To the Editor:
I moved to Willsboro five years ago. I moved there because as I child I spent summers in Willsboro, and fell in love with the pristine beauty of The Adirondack Mountains, Lake Champlain and all of what the surrounding area had to offer someone like myself who is a lover of the mountains and the unspoiled beauty of nature which the Adirondack park is known for.
Since moving here however I have noticed a growing, and very disturbing problem with my otherwise beautiful town. That problem is pollution, and the level of the problem is quite shocking and alarming. I live in a small community of homes on Willsboro point which is a peninsula surrounded on three sides by Lake Champlain, and Willsboro bay, respectfully. On my daily walks with my dog I have noticed an ever increasing level along the roads in the woods, and in the drainage trenches which flow into culverts and eventually directly into Lake Champlain. This pollution includes beer cans and bottles, household garbage, tires, food wrappers and containers, used, soiled diapers and even one spot where a local family has made a habit of dumping their kitty litter, complete with kitty turds, into the drainage trench on the side of the road on a regular basis. Again these drainage culverts flow direcly into lake Champlain. It’s almost at the point where I’m afraid to walk my dog because of a fear of what he may scoop up with his mouth if if I’m not paying close attention to everything he sniffs. Not to mention the damage that’s being done to the eco system, such as the soil the ground water, and the wildlife.
The disturbing part is that this pollution is not the work of out of towners, or seasonal visitors, but of the residents who live here. When I was very young I learned that polluting the environment was not O.K. We were taught both at home and in school the damage that pollution does not only to the ecosystem, but to our health, and the health of our loved ones, our pets, and our wild life. Unfortunately the type of pollution that I’m seeing seems to be the work of adults rather than young uninformed children, ie. alcoholic beverage containers, household trash, tires, diapers, cat litter etc.
I have lived in Southern New York most of my life in an urban area, and also spent some time living in urban Tampa Florida. I have never seen, in any community that I have lived in this level of pollution. The fact that no one is addressing it is even more disturbing. I have notified the local government, the EPA and the DEC on several occasions, and to my knowlege nothing has been done to address the problem. The garbage and the cat litter continue to pile up.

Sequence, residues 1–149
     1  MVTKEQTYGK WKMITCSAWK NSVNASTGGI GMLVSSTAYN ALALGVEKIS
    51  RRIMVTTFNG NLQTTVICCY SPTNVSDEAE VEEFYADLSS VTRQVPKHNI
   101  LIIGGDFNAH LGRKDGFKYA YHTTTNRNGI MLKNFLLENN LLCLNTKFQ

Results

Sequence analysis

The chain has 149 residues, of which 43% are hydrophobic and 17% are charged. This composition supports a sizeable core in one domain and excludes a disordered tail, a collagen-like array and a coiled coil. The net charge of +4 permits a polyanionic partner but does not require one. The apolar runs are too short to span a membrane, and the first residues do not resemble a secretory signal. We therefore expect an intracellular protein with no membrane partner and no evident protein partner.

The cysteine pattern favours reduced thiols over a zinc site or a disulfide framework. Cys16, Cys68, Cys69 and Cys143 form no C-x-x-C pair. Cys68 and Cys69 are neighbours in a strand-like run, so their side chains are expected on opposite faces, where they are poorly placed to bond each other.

I recently had a friend visit me from Florida. I was eager to show off the unspoiled beauty of my beloved Adirondack Park and Lake Champlain, but was quickly mortified when taking her for a walk down to the Lake shore the first thing she remarked on was how “disgusting” all the garbage on the side of the road was, and she couldn’t believe that people would discard their trash in such a way and also that it is left there to rot into the ground, and flow into the lake. Needless to say I was mortified.
I’m sure that as a community there must be something that can be done about this. Perhaps a community clean up day where volunteers could organize and help clean our community, along with efforts to inform the public with some type of educational campaign to help people understand that when they pollute the envireonment they are not only making their community look ugly, but they are endangering the health and welfare of themselves and their loved ones. Perhaps even posting signs that would discourage the pollution, or maybe putting out trash recepticles along some of the streets that are seriously affected to save people the trouble of having to carry their trash home and dispose of it properly, and also to make it easier for pedestrians and passers by to pick up trash and dispose of it as they pass by and notice it.
This is supposed to be a protected area. A designated state park where nature is meant to be protected, preserved, and enjoyed by residents and visitors. Unfortunately, the streets and roads surrounding the area where I live are some of the filthiest I have ever seen.
I would like to see an effort made by my local government, members of my community, and any local agency or stewardship group to address and take steps to correct this growing and disturbing problem.
William Rock, Willsboro